Dunt's most outrageous suggestion is that a high abortion rate is a good thing in the sense that it suppresses crime, because the unwanted babies of today are the criminals of tomorrow. Yes, that may in theory be an argument in favour of abortion, but to be logically consistent about it you'd also have to favour a selective cull of unloved children and disaffected young adults. Unless, of course, you can first establish that unborn babies are qualitatively different from other human beings.
Dunt makes the familiar assertion that a foetus is not actually a human being at all, it is a "thing". That's a perfectly defensible belief to hold, but he goes much further by implying that science has settled the matter beyond dispute. How he can credibly do so is beyond me, given that most of the science seems merely to relate to whether the foetus is conscious and experiences pain. None of that actually addresses the central (and much more elusive) question of its humanity, because adult humans can also in some circumstances not be conscious or aware of pain. I doubt if even most advocates of euthanasia would argue that such adults have forfeited their right to life, unless a living will has been submitted. Dunt also seems to think it is hugely significant that a foetus is not "recognisably humanoid" (presumably he means well before the 24-week limit). Well, neither are some of the most severely disabled adults - does that make them, in Dunt's words, just a "thing" or a "bag of cells"?
He also makes this point about gender politics -
"For women to be equal to men, they must be able to approach the sexual act in the same way. They must be able to walk away from it. Men skip in and out of women's lives, dumping them with life changing consequences. Things will never be as easy for women, despite contraceptives and abortion. But we must strive to equalise the sexual experience as far as is medically and morally possible. It is the only way to secure full equality."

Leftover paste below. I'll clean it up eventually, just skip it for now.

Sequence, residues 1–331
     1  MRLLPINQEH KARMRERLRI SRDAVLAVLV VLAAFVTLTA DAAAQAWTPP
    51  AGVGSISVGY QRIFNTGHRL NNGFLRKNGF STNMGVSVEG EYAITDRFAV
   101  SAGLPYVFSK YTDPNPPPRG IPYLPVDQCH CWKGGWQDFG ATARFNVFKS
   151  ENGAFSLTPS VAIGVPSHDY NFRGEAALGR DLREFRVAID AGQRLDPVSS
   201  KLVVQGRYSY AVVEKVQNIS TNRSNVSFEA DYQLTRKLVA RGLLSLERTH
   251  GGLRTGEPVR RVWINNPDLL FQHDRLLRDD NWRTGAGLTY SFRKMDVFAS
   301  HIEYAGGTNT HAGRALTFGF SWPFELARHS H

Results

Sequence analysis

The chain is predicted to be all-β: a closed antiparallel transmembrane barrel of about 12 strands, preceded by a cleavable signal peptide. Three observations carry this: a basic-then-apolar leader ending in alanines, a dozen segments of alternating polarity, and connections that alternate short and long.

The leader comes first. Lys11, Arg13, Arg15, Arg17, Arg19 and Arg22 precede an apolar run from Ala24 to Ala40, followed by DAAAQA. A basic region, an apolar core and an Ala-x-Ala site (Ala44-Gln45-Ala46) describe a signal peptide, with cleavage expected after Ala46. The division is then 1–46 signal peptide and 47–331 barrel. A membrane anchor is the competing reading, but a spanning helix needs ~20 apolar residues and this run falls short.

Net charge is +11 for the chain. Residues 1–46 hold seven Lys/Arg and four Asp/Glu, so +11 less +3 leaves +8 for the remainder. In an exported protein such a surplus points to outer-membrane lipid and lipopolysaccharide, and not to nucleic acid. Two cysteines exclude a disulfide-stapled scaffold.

Up to a point, Lord Copper. The double standards sometimes cut both ways. I once spotted the female writer of an advice column using abortion to have her cake and eat it on the principle of 'responsibility'. A young pregnant woman was reassured that she was not yet a mother, and would only become one if she made the free choice not to have a termination. But a young man whose girlfriend was expecting a child was sternly informed that he was already a father, and that he'd better start thinking and acting like one. Now, it would of course have been reasonable to point out that he no longer had any choice over whether he was about to become a father, but if a foetus is just a "thing" it's impossible to justify the claim he already was one. In any case, according to the hard reality this columnist was so keen to acquaint men with, which gender is it that truly has the unequal opportunity to walk away from the sexual act? And which gender is enslaved to the potential long-term consequences (in financial terms, at a minimum) from the instant sex takes place?
Just to reiterate for the sake of clarity, I'm not trying to make an anti-abortion case. But Dunt's belief that we should essentially shut down all thought on the unresolved moral contradictions thrown up by this issue is extremely troubling. Indeed, wouldn't the lack of conscious thought reduce us at a stroke to a mere "bag of cells"?